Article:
Investors and analysts often use the relative performance of sector ETFs to gauge investor appetite for risk, or discover which industries or sectors are falling in and out of favor. They also look for clues which may help signal a recession or economic boom.
While there is a measure of validity to such analysis, different ETFs have different betas. Beta, you will recall, measures the sensitivity of a stock or portfolio to the actions of a broad market index such as the Standard and Poors 500. Simplifying somewhat, if company XYZ goes up twice as fast as the market, it has a beta of 2.0. We would expect XYZ to fall twice as fast as the market on the downside as well, and in fact financial research does tend to show that betas are pretty symmetric across market conditions. In contrast, we would expect a company with a beta of .5 to go up, and down, half as fast as the market.
Nonetheless, research also shows that betas of portfolios, especially portfolios of stocks in a similar industry or sector, are far more stable over time and over various market conditions than individual stocks are. This is a logical consequence of diversification: the role of each individual company is minimized, and balanced by other holdings. What is good news for company ABC in a portfolio, making the shares volatile to the upside, may be bad news for competitor DEF, making their shares volatile to the downside. The net effect on the volatility of the portfolio (or an ETF which is designed to track it) would be small.
This is another great advantage for investors in ETFs. When you buy one stock, a change in management, or levels of indebtedness, or entering a new market with a new product, in short all kinds of factors, can lead to big shifts in the overall riskiness of those shares. With a sector ETF, this is far less likely to occur.
This is borne out if you look at "Beta data" for sector ETFs. Consider the Select Sector SPDR-Health Care (NYSEARCA:XLV). According to Yahoo Finance, over the last 3, 5, and 10 years respectively, its beta has been .56, .60, and .57.
On the other hand, the Select Sector SPDR-Basic Materials (NYSEARCA:XLB) has been much more volatile: a beta of 1.24, 1.18, and 1.18 over these same time spans.
Notice that health care has stayed low risk, and basic materials high risk, even if individual companies in these ETFs might have changed their stripes over the interim.
In advancing markets, the high beta ETFs will be the superior performers---"beating the market," in street jargon. In a declining market low beta ETFs will beat the market by falling less. To see if they are really out-or-under performing, you must adjust your expectations given these different levels of risk.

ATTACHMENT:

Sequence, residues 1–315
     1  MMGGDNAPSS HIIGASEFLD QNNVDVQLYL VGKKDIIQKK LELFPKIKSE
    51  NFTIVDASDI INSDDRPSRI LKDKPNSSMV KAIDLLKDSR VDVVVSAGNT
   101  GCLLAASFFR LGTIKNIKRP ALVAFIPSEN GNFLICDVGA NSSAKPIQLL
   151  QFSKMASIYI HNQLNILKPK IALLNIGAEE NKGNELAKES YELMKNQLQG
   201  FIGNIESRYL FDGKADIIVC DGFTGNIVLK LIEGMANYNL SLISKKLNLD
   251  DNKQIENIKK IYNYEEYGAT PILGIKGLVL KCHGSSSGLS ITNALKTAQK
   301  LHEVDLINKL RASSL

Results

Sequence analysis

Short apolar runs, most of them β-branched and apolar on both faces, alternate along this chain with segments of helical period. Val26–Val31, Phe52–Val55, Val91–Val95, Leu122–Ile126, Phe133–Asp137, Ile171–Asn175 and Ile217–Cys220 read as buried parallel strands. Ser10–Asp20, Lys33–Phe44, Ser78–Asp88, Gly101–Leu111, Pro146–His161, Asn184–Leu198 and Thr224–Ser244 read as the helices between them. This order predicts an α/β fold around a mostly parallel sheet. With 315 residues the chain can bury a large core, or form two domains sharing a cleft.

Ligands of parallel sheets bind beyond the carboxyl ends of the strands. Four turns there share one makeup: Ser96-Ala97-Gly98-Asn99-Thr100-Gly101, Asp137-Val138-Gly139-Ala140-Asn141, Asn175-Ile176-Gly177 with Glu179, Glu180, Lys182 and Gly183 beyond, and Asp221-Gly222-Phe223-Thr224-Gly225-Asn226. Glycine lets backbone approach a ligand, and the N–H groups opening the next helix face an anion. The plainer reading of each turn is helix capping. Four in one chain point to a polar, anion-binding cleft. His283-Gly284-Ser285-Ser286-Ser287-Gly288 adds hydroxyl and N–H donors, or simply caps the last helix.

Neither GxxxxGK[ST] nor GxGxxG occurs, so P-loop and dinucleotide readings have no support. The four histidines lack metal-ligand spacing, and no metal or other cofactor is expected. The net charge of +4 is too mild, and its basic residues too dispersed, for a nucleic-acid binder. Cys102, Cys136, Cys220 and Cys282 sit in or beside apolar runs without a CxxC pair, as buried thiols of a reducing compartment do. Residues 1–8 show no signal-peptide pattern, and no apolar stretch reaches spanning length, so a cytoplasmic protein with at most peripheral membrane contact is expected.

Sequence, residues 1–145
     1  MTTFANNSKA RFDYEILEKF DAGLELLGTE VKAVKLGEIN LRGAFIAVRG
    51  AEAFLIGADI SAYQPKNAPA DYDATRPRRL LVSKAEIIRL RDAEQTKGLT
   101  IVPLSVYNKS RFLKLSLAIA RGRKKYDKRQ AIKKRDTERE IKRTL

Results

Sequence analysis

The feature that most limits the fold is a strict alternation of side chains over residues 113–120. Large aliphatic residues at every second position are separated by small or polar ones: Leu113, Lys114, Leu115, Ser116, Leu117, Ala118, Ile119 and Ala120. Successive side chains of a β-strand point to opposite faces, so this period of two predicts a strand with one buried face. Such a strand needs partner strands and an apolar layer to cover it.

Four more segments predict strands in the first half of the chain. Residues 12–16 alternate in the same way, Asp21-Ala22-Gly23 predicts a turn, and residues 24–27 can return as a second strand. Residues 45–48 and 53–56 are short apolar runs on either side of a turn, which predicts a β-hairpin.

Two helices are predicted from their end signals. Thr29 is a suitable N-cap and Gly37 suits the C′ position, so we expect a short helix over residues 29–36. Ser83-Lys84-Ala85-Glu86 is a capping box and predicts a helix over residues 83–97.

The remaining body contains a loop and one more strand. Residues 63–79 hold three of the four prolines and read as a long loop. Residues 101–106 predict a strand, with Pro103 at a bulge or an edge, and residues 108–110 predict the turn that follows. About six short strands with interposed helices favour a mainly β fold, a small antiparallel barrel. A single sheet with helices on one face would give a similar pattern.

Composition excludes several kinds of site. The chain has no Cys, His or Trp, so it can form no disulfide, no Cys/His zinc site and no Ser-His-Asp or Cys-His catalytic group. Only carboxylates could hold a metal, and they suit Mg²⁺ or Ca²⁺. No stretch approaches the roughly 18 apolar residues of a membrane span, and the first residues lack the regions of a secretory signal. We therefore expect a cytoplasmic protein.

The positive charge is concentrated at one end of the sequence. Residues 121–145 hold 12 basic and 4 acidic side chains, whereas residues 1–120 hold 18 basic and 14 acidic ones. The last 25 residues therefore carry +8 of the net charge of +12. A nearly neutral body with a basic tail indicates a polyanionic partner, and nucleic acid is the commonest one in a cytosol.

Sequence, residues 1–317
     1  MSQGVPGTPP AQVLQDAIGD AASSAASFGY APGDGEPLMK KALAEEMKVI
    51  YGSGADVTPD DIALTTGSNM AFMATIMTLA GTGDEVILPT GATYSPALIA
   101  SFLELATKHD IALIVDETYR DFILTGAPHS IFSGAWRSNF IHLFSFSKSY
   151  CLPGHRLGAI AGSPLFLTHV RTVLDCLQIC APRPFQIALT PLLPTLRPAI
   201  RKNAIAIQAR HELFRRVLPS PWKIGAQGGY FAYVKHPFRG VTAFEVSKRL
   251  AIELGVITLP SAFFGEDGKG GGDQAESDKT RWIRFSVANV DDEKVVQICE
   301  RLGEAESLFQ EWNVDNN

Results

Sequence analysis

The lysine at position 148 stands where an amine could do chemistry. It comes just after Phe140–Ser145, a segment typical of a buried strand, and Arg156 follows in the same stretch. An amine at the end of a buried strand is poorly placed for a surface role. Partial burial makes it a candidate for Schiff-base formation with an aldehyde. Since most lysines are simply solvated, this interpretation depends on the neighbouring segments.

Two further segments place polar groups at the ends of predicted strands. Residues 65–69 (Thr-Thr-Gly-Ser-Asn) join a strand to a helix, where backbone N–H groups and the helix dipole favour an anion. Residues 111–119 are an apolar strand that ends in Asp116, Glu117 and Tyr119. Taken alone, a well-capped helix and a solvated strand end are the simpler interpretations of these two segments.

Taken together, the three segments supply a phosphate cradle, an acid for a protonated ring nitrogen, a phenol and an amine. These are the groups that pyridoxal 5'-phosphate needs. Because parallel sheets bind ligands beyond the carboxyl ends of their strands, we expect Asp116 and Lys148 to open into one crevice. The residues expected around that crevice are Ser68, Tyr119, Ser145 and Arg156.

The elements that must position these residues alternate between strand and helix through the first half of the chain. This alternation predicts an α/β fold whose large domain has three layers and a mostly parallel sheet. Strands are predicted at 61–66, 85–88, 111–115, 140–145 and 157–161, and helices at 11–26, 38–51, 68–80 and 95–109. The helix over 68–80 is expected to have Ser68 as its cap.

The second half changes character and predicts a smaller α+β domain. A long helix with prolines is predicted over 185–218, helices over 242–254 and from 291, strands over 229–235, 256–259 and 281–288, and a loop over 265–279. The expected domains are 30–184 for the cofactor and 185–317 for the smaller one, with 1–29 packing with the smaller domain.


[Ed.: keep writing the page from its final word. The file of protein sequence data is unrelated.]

A good recent example is the Health Care ETF, XLV. In the rally earlier this summer, it appears at first glance that health care stocks tracked the market fairly closely, maybe even underperformed some:
But this is incorrect. Given that the beta of the health care ETF is .57, you would expect that health care shares would gain only a little more than half what the market gained over this period. Measured by the SPDR S&P 500 ETF Trust (NYSEARCA:SPY) stocks gained about 12%. XLV gained far more than half that! So a closer look reveals that the health care sector outperformed the market during this period.
By the way this trend continued during the market selloff in the weeks before and shortly after the election.
The market fell 6%, but health care shares fell far less than half that. For the mathematically inclined: you would have expected them to fall (.57)(6.0%) or 3.42%. They fell only 2%.
This is the advantage of knowing that ETF betas are far more stable than those of individual shares. While not particularly meaningful for extremely short periods used by day traders, over time the risk profile of each ETF is stable enough to allow analysis like this to be helpful for investors seeking clues about relative performance.
For the record, there has been one sector ETF for which the beta has changed. For years the Select Sector SPDR-Energy (NYSEARCA:XLE) had a beta very close to 1.0, but in the last few years this beta has increased to 1.21. I'll leave oil analysts to suggest why this may have occurred, since XLE is dominated by companies in that industry.
In future articles I will continue with examples of how this analysis can be used to flag superior performance; whether this performance endures long enough to be profitable, and whether such information can give us clues about where the US and world economy may be headed.
Disclosure: I am long XLV. I wrote this article myself, and it expresses my own opinions. I am not receiving compensation for it (other than from Seeking Alpha). I have no business relationship with any company whose stock is mentioned in this article.